As one of those tenured professors — and months away from applying for Medicare — my professional life is nowhere nearly as ambiguous as it was when I was a corporate middle manager or freelancer in magazineville. But I’m glad for the time I served in the trenches of ambiguity because unlike some of my colleagues — academic lifers — I have the kind of experience of, and connections with, the ambiguous world that causes my just-grads such anxiety.
My sermon for today is taken from Animal Spirits, the title of a new book about the rising science of behavioral economics. A review of the book appears in the New York Times Book Review.
What attracts me to the book — and why I will read it– is its argument with the conventional wisdom of economics that human beings can be expected to make rational decisions. Not so, said J. M. Keynes. What market bubbles demonstrate — the Great Depression in Keynes’ era — is that people make decisions based on what he called “animal spirits” — over-confidence, greed an the naive belief that what goes up will never come down, and even an irrational belief in fairness.
The economics I was taught at The Wharton School of Economics was based on the concept of — but really the belief in and ideology of — human rationality. Had I been smarter and quicker back then, I might have realized that all the reading I had been doing on my own in high school — Freud, Nietzsche, Doestoevsky, Henry Miller — was either utterly absurd, aberrant and shallow, or that it flew in the face of the rational-choice foundation of conventional economic theory.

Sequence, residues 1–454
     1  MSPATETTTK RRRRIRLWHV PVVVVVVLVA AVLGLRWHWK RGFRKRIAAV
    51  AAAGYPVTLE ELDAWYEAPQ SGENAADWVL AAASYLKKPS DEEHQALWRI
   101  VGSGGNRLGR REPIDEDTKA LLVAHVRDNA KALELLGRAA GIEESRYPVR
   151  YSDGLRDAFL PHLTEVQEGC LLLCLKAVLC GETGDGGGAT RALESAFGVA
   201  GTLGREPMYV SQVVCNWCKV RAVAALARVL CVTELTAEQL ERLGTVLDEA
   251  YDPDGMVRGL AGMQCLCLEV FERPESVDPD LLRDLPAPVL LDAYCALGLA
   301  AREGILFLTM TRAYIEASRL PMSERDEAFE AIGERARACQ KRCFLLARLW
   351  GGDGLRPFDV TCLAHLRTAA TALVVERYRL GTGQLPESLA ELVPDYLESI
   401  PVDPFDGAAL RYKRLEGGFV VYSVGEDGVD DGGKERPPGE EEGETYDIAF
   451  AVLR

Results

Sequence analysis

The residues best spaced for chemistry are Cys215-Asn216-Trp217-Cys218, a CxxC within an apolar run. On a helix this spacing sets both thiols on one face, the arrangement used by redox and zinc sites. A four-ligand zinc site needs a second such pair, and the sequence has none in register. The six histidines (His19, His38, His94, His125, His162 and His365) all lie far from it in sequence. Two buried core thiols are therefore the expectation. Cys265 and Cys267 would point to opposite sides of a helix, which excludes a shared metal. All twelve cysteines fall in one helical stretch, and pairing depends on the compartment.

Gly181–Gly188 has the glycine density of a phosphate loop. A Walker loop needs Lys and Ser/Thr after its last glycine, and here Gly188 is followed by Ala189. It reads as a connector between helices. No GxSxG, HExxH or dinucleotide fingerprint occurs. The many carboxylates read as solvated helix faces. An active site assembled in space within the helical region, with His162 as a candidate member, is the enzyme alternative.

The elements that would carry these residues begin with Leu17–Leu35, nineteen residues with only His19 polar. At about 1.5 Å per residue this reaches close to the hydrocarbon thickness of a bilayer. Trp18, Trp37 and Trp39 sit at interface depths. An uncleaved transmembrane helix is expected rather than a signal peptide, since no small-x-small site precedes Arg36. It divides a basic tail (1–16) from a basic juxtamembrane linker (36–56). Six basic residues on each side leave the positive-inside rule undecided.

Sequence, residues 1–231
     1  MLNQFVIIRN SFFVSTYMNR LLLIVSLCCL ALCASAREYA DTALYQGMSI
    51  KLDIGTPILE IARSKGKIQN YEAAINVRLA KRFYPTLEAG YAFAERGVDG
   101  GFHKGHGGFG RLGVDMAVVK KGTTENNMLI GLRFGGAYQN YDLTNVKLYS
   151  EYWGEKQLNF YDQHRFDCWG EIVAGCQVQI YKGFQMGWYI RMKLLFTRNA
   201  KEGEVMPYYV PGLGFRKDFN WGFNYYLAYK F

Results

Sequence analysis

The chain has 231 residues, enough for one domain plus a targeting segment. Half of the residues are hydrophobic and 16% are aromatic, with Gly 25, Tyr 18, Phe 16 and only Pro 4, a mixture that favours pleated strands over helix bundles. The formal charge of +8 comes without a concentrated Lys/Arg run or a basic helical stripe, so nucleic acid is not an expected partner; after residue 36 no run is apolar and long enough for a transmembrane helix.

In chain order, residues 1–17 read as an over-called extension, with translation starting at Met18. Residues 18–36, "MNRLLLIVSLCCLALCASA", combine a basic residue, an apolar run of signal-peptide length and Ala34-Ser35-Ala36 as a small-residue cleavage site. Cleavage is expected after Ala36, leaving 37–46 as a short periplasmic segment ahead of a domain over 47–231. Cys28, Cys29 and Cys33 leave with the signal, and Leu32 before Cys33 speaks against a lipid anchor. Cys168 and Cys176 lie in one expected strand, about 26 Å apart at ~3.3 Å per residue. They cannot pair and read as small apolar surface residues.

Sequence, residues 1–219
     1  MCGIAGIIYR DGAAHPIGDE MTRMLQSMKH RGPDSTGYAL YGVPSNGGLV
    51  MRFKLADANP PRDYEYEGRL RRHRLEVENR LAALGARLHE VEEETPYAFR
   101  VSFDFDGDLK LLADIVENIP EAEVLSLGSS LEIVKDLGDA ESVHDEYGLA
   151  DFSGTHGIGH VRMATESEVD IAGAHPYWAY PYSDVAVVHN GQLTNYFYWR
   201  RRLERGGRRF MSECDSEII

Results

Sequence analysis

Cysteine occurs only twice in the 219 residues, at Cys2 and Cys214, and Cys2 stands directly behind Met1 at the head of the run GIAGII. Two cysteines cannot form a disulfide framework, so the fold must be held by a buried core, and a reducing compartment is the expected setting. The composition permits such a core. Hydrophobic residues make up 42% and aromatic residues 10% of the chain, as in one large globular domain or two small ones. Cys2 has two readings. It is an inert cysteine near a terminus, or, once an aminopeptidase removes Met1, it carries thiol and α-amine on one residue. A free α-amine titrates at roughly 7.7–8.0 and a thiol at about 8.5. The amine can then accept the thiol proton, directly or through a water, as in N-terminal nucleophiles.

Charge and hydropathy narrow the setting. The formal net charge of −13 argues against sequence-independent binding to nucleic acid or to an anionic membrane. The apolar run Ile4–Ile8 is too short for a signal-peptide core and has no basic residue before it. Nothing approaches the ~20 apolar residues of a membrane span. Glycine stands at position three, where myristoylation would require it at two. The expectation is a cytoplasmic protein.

What I believe today isn’t that human beings are essentially irrational and thus prone to irrational exhuberance, in the phrase made popular by Alan Greenspan, that fallen idol of economics. What I believe today is what Jonathan Swift said about human beings, which is that we are capax rationis, or capable of reason. Which is what I learned in a graduate literature seminar taught by J. W. Johnson, a brilliant scholar of Eighteenth Century literature. That lesson was reinforced in a class with Norman O. Brown, whose Life Against Death made instructive use of Dean Swift and Dr. Freud. Man, Freud believed, is the neurotic animal. Human history, which Brown (no relation) puts on the couch, shows a clear tendency to do what neurotics do: repeat unsuccessful behaviors. For example, war.
It seems inconceivably dense that economics has for so long denied, ridiculed or marginalized such insights into human nature which drives marketplace decision-making. When I interviewed Milton Friedman in l978, he told me that psychoanalysis isn’t a science like economics. For rational-choice-based economics, Freud is mumbo-jumbo and Swift is for Eng Lit departments.
Nobel Prize-winning economist Friedman, I wrote 30 years ago in The Best of Business (Esquire), is smarter than you are. And he was. But history — modern history, included — has shown us that the smartest guys in the room can and do get it wrong. The geniuses who advised JFK about a war in Vietnam War were tragically off the mark. So were the best and brightest economists and Wall Streeters, econ professors and government types who wrote the computer models for credit default swaps and other animal-spirit investment innovations.
A bit of modesty would be in order — would it not? — for the smartest guys in the room.
For we are what Swift says we are — merely capable of reason. The final book of Gullivers Travels gives us the vulgar, shite-throwing animals of our nature, the Yahoos — as well as the depressingly, chillingly overly rationalized animals of our nature, the houyhnhnms.
And we are what Shakespeare’s Lear says we are, “poor, bare, fork’d” animals.
And thus we would be well advised to follow Aristotle’s urging to behave with moderation and regard the golden mean.
Such wisdom goes down well in the humanities — but it needs to go up on the walls of the S.E.C. and in the nation’s economics departments and in the Blackberries of the best and brightest across the fruited plain.